The name Kurdistan appears for the first time as a designation for an area of ​​the Armenian chronicle of Matthew of Edessa. He designated K’rdstanac as a region between Diyarbakır and Siverek.[1] The chronicle describes in three parts the events of the years 952-1136. As an administrative unity, Kurdistan emerged as a province of the Seljuk Empire during the time of the Sultan Ahmad Sanjar (ruled 1097-1157). It included the modern Iranian-occupied territories of Hamadan, Kermānshāh, Dinawar and Sanandaj.[2] Hamdallah Mustawfi lists the 16 cantons of this province in his work Nuzhat al-Qulūb from 1349.

In Sherefname, the Lurs also counted as part of Kurdistan. Ottoman traveler Evliya Çelebi counts nine vilayets in the fourth episode of his Seyahatname. At that time these vilayets belonged to Kurdistan: Erzurum, Van, Hakkari, Diyarbekir, Jazirah (Cizre), Amadiya, Mosul, Shahrizor and Ardalan. The rivalry between the Ottoman Empire and Safavids led to the division of Kurdistan. In 17th century only the districts of Dersim, Muş and Diyarbekir belonged to the Ottoman side,the Vilayet Kurdistan. In the 16th century Kurdistan limited its administrative area to the Ardalan region. Hamadan and Lorestan were separate from it.[3]

In a letter in 1526 from the Ottoman Sultan Süleyman to French King Francis I, Süleyman called Kurdistan as part of his domain.[4]


The borders of Kurdistan can not be clearly defined for several reasons. On the one hand, apart from the autonomous region of Kurdistan in Iraq and Rojava Administration in North Syria, there is no political territory or administrative unit in Kurdistan. In addition, there are territorial disputes between KRG and central government of Iraq. The borders of Kurdistan are therefore very controversial.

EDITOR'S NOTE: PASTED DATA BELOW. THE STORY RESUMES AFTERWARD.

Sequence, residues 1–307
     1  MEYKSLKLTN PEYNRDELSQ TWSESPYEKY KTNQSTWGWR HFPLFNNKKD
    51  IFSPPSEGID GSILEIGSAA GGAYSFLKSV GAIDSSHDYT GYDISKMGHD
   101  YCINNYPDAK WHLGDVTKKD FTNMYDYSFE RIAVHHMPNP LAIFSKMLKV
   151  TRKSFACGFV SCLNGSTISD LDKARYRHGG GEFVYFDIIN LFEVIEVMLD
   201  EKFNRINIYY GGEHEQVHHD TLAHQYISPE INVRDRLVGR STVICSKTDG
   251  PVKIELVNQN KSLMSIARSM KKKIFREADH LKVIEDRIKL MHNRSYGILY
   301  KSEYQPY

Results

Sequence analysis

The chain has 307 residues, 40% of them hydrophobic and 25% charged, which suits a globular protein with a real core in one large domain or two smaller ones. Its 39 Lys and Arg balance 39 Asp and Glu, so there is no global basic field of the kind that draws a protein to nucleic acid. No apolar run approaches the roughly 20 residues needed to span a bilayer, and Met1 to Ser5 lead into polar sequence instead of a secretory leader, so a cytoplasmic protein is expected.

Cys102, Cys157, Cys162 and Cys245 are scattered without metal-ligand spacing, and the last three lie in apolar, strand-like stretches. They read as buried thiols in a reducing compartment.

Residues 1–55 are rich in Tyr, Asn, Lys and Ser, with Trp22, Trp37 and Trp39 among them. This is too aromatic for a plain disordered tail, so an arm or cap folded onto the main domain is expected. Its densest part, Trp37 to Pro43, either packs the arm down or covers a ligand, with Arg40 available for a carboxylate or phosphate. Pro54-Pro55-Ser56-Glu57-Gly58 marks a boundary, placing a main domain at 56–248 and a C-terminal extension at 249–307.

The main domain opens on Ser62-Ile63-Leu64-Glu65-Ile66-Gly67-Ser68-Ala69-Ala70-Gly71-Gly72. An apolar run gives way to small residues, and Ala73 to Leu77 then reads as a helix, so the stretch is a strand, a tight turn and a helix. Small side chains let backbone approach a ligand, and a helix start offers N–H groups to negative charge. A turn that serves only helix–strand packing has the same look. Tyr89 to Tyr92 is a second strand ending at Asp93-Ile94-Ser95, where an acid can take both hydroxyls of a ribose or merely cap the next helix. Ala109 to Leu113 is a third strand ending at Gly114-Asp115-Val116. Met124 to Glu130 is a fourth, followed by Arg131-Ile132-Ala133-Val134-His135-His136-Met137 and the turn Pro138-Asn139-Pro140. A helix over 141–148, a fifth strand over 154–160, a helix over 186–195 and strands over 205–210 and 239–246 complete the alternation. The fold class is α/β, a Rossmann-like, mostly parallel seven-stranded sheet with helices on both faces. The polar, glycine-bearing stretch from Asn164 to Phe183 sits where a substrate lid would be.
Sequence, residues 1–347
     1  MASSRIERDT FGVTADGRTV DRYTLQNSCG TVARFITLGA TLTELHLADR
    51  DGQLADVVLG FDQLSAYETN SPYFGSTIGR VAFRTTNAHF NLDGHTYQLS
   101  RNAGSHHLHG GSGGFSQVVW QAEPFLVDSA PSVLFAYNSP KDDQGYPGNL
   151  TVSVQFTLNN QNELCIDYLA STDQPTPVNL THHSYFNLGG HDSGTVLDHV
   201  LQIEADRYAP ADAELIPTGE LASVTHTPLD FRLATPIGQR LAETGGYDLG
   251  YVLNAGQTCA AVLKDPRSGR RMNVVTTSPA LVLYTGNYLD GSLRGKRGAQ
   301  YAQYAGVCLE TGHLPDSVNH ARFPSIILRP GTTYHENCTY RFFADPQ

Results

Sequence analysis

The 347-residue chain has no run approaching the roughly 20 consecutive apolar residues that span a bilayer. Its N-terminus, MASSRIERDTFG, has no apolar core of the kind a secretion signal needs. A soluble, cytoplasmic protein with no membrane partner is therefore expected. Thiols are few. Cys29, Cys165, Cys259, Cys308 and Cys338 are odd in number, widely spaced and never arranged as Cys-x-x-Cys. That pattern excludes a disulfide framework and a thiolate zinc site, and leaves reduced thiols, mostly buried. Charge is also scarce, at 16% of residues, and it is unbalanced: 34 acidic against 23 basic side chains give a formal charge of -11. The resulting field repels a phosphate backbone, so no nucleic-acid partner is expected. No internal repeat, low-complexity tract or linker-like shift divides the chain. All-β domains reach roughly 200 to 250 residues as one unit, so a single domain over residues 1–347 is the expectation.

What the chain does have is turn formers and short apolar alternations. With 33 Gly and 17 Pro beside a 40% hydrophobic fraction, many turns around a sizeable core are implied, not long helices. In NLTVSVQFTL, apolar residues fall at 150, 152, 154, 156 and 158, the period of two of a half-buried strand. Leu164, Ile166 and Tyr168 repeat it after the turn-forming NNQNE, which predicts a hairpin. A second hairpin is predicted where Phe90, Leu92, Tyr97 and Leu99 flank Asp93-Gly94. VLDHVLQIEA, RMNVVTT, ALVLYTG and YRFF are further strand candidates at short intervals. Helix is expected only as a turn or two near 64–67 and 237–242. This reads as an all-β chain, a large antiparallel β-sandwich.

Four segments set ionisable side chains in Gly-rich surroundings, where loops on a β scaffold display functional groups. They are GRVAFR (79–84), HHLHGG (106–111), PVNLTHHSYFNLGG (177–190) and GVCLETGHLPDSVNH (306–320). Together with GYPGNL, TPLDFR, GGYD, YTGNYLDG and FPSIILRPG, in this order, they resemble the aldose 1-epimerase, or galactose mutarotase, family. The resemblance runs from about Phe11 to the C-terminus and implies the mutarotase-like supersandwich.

Kurdistan is located between the 34th and 40th degrees of latitude and the 38th and 48th degrees of eastern longitude. It stretches over East and Southeast Anatolia – more precisely from İskenderun and Taurus mountains up to the Ararat – to the Urmia lake in Iran and includes the region of the Zagros mountain chain, ie the Northern Iraq and West Iran, as well as parts of Northen Syria. Kurdish patriots have used the names of East Kurdistan, North Kurdistan, South Kurdistan and West Kurdistan for the Kurdish areas occupied Iran, Turkey, Iraq and Syria since the 1980s. This is followed by characterizations of individual parts of Kurdistan according to the states which the territories occupied by.

KRG (South Kurdistan)
Rojava (West Kurdistan)
Northern Kurdistan
Eastern Kurdistan



Corduene (or Gordyene; Kurdish:Kardox, Greek:Κορδυηνή Kordyene) was an ancient state in northern Mesopotamia, in today’s Kurdistan region.  It is said to have been located in the mountainous region around the Van Lake in today’s Turkish-occupied Kurdistan. The state stretched to the left bank of the Tigris.

Nineteenth century researchers, for example, George Rawlinson, recognized Corduene and Carduchi with today’s Kurds, considering that Corduene was the oldest lexical type “Kurdistan”.[5][6][7][8] Some current academic sources, which have identified Corduene as proto-Kurdish, upheld this opinion.[9]

For more: Corduene

The Eyalet of Kurdistan

The Eyâlet Kurdistan was a short-lived Ottoman Eyalet founded on 13 December 1847 after the Revolt of Bedirxan Beg. The founding was published in the Ottoman State newspaper Takvim-i Vekayi on December 14, 1847.[10]

Initially, Eyalet Kurdistan included the areas of Diyarbekir, the Sanjaks Van, Muş and Hakkâri and the Kazas (counties) Cizre, Botan and Mardin. In the course of short existence of the Eyalet, the provincial capital often changed. At first it was Ahlat, later Van, Muş and Diyarbekir. In 1856, the Eyâlet was redefined and then dissolved in 1864. From the Eyâlet the two Vilayets Diyarbekir and Van emerged.

Red Kurdistan

The Red Kurdistan (Ku: Kurdistana Sor, Az: Qızıl Kürdistan, Ru: Красный Курдистан) denotes an autonomous province in the former USSR, which existed between 1923 and 1929. Today, Red Kurdistan’s territories belong to Azerbaijan in international law but occupied by Armenia.

For more :Red Kurdistan

Kingdom of Kurdistan

The Kingdom of Kurdistan (Kurdish: Memlekey Kurdistan) was an internationally unrecognized short-lived state in today’s South Kurdistan. It was founded by influental Kurdish Sufi leader Sheikh Mahmud Barzinji(Mehmûd Berzincî). Sulaymaniyah was the capital. The Kingdom existed from October 1922 to July 1924.